Breast cancer is cancer that forms in the cells of the breasts. It is when cells in the breast begin to grow out of control. cancer of the breast usually starts in the milk-producing glands of the breast called (Lobules) or the tube-shaped ducts that carry milk from the lobules to the nipple. Less often, cancer begins in the fatty fibrous tissue of the breast. It is the most common cancer diagnosed in women after skin cancer and the second most common cause of cancer death in women after lung cancer.
Even though it occurs in both men and women but it is far more common in women than in men. According to the World Cancer Research Fund, over two million new cases were diagnosed in 2018 alone, accounting for 25.4% of all cancer diagnosed in women excluding non-melanoma skin cancer.
The survival rate for cancer of the breast have improved and death caused by the disease has declined in recent years due to early detection, better treatment, as well as greater awareness and screening.
Signs And Symptoms Of Breast Cancer
Signs and symptoms may include:
- A breast lump or thickening of the breast that feels different from the surrounding tissue.
- Change to the skin over the breast.
- Changes in size, shape, and appearance of the breast.
- Pitting or redness of the skin of the breast.
- Discharge from nipple, possibly containing blood.
- Breast, nipple or armpit pain
- Redness or unusual warmth. This can be a sign of inflammatory breast cancer, a rare and aggressive form of the disease.
Most lumps are not concerns or mean breast cancer, but women should always have them checked by a specialist to eradicate any doubt.
Causes Of Breast Cancer
Normal breast cells become cancerous because of mutations of DNA. Some mutations may develop randomly over time, while others are inherited or may be the result of environmental or lifestyle factors.
Risk factors for breast cancer
The exact cause of cancer remains unclear but some risk factors make it more likely. Some of the risk factors can be modified while others cannot be influenced.
Genetic Risk Factor – Women who carry BRCA 1 and BRCA 2 genes have a higher risk of developing breast cancer or ovarian cancer or both. Inheriting a mutated gene from a parent significantly increase the risk of developing breast cancer.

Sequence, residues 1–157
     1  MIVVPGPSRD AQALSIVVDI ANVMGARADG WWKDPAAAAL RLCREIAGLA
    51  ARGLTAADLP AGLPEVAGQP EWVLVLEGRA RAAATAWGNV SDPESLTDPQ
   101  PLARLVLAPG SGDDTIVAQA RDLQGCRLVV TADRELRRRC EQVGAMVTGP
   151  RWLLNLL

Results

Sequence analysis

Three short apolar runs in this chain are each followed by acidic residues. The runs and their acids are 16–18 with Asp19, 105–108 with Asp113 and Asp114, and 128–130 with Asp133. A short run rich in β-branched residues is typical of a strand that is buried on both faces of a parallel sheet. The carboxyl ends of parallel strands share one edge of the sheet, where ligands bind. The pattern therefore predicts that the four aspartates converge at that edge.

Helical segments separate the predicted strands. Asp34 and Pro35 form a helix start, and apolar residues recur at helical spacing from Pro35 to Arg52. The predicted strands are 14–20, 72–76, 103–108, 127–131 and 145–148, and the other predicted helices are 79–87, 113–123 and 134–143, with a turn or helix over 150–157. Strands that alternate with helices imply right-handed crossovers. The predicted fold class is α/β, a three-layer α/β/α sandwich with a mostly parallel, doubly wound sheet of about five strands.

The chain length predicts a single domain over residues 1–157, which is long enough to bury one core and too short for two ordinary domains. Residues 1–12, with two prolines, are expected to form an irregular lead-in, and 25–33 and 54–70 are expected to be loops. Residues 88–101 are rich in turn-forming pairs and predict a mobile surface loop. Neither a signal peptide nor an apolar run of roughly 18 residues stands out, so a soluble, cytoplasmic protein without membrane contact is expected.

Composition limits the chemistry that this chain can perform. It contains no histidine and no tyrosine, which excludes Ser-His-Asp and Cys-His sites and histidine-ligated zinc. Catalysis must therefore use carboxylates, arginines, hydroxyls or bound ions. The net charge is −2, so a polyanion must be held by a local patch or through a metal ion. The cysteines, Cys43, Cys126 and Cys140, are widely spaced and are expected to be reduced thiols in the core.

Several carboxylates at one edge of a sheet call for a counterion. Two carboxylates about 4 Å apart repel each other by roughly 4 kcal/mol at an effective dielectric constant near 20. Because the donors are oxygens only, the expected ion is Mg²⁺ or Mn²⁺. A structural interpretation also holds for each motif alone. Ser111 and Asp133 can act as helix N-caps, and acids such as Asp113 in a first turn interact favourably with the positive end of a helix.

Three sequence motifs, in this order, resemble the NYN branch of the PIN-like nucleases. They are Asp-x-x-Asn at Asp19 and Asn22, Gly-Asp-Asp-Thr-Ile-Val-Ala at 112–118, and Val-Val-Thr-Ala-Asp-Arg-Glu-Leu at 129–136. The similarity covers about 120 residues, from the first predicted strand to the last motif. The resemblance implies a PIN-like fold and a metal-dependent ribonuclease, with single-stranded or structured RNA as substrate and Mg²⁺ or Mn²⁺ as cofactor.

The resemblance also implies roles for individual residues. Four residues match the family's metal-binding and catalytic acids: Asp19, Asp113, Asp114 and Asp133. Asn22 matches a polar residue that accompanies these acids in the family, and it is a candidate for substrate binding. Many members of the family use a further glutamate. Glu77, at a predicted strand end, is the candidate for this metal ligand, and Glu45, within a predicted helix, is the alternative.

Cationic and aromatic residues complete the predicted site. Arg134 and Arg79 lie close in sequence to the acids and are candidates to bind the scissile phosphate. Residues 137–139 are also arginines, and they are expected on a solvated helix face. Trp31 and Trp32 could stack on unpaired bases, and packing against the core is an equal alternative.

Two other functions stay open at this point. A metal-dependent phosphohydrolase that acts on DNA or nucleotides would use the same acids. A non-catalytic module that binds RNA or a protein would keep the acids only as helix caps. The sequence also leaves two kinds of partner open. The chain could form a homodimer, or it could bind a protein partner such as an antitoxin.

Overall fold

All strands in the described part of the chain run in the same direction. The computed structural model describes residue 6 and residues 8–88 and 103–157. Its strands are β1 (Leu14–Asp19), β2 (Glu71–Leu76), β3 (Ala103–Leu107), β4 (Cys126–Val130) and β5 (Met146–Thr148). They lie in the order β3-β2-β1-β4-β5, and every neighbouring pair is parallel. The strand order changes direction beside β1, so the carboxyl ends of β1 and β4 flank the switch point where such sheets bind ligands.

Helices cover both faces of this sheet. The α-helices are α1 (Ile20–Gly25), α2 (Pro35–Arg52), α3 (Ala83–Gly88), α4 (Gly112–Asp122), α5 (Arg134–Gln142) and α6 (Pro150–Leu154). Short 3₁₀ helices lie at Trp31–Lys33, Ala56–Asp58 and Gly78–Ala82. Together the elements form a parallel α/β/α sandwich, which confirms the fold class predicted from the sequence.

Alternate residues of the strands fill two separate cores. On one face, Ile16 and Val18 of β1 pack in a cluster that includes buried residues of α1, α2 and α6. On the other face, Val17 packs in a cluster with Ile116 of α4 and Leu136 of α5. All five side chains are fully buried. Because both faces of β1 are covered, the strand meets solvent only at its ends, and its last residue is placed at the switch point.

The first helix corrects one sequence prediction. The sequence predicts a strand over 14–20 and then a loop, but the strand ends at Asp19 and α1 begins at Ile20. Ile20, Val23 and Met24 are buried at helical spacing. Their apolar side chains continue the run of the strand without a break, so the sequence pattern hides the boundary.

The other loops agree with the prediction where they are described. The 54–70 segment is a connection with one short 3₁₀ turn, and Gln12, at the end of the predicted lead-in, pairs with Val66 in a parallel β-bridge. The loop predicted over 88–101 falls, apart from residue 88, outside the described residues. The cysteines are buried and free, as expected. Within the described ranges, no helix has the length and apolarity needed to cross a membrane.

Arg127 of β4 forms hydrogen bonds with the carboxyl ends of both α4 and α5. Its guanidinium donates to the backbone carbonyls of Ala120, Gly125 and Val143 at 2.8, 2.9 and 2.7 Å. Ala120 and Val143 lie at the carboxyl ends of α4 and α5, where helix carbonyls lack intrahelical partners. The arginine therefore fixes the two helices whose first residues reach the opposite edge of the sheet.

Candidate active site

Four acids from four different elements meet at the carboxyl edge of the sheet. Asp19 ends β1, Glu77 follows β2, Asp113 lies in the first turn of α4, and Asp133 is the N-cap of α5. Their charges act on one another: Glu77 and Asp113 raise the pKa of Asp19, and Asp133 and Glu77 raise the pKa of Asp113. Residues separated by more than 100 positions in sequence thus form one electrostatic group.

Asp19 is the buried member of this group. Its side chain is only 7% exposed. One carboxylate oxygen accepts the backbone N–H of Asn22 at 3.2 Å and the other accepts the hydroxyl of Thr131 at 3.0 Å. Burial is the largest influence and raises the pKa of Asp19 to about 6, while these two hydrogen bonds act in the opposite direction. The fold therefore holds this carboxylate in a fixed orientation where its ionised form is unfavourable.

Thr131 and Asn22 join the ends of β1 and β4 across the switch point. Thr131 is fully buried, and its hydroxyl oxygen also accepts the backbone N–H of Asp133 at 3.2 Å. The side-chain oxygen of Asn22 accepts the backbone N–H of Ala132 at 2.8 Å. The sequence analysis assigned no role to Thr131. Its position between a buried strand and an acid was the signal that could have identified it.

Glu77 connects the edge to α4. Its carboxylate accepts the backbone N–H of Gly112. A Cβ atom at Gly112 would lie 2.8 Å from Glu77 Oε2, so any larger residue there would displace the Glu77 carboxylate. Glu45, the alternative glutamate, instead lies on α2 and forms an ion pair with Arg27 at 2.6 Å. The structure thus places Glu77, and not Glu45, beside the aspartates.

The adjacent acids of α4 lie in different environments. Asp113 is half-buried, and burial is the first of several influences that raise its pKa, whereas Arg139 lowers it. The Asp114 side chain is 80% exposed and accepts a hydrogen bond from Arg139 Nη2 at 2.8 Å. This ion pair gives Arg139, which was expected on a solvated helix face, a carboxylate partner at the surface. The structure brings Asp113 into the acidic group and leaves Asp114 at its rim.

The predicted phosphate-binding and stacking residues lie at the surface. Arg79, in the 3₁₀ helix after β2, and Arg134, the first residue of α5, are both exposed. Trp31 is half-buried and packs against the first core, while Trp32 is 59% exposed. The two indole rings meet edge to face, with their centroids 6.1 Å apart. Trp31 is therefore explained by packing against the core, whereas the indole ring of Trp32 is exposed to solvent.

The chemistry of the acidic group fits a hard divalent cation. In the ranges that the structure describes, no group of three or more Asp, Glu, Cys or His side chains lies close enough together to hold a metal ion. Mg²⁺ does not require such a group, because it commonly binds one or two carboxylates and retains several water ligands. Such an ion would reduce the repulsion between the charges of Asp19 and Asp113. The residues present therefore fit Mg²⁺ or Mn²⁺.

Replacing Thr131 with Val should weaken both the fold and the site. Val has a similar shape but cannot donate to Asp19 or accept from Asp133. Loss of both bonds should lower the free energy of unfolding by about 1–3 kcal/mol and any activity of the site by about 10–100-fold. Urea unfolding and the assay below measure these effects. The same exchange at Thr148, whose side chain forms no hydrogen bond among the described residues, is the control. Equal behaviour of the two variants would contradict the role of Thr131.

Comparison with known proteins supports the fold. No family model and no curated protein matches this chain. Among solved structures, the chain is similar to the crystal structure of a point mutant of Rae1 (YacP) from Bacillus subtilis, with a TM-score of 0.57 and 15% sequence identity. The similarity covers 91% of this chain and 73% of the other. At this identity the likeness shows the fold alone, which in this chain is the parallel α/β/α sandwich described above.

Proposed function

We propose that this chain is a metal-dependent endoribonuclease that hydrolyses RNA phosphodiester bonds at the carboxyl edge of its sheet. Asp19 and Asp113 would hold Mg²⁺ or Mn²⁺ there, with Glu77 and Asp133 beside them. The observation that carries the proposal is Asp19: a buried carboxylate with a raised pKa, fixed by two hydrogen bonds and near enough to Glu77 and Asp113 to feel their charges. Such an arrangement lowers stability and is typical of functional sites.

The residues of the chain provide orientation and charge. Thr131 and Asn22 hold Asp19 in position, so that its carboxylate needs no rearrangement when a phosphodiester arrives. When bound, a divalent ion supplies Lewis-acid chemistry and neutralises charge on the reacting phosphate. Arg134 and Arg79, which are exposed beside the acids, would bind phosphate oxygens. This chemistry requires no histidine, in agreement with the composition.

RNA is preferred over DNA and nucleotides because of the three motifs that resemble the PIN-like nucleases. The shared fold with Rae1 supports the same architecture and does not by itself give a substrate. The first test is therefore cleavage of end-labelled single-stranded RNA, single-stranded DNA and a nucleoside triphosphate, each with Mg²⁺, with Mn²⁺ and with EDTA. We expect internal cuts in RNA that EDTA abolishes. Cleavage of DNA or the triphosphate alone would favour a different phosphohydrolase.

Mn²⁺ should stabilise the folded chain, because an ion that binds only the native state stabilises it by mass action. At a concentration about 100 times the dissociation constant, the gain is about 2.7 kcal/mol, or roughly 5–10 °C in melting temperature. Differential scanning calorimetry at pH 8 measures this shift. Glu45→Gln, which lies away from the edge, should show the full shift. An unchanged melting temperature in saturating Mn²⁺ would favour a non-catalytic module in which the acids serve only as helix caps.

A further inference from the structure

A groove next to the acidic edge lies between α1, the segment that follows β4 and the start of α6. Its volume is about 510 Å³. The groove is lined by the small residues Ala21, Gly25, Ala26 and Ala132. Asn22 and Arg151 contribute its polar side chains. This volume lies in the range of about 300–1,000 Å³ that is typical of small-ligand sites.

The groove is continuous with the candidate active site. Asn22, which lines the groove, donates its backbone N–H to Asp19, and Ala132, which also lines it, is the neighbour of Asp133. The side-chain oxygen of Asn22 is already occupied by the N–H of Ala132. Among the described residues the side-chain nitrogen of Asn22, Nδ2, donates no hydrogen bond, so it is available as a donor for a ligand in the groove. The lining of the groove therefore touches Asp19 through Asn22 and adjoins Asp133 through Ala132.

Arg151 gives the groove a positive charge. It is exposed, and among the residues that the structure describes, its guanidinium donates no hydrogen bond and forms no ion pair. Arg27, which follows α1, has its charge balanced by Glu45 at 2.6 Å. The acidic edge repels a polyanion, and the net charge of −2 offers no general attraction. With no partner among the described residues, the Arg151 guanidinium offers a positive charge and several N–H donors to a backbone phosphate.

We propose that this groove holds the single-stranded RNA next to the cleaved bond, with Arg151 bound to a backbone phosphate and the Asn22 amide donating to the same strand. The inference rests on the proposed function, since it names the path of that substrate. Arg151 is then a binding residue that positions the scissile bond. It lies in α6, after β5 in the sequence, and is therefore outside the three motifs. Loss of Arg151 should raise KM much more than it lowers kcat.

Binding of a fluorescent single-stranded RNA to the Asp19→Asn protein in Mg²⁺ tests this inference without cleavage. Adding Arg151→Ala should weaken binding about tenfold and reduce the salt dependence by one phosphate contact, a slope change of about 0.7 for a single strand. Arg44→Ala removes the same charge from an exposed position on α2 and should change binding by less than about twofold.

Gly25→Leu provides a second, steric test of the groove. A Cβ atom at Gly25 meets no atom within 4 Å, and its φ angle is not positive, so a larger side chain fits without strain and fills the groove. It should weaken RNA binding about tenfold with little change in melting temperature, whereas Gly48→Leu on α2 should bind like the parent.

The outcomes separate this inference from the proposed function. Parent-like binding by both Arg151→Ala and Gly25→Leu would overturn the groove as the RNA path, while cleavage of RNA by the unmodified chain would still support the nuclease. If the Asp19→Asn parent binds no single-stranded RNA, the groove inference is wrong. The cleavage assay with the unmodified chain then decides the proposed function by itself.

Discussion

Age – The chances of breast cancer increases with age. The risk begins to climb after forty and is highest for women in their seventies.
History Of Breast Cancer – Women who have had breast cancer before are more likely to have it again compared to women who have no history of the disease.
Menstruation – Women who started their menstrual cycle earlier or went through menopause later have a slightly increased risk.
Dense Breast Tissue – Women with dense breast tissue have a higher risk of breast cancer.
Exposure To Radiation – Women who undergo radiation treatment for cancer that is not breast cancer are at risk of the disease later in life.
Hormonal Treatment – The use of oral birth control pills and hormone replacement therapy (HRT) has been linked to breast cancer due to the increased level of estrogen.
Alcohol Consumption – Alcohol is known to increase the risk of cancers. studies have shown that women who consume too much alcohol daily have a 1.5 times higher risk of breast cancer.
Weight – Women who are obese or overweight after menopause are at increased risks. This is due to the high levels of estrogen produced by fat cells after menopause.
Late Pregnancy – Having no children or having the first child after thirty may also increase your risk.
All breast cancers are assigned a stage based on biopsy plus other findings from blood tests and imaging scans. It is also staged according to the size of the tumor and where it has spread to.
Stage 0 – This is also known as Ductal Carcinoma In Situ (DCIS) or pre-cancer. It is the earliest stage of breast cancer and involves abnormal cells that have not spread into nearby tissues.
Stage 1 – This is an invasive cancer, meaning it is invading healthy breast tissues, but it has not spread outside the breast.
Stage 2 – Cancer is growing in the breast or near the lymph nodes.
Stage 3 – It may have spread into the lymph nodes but has not spread to other organs.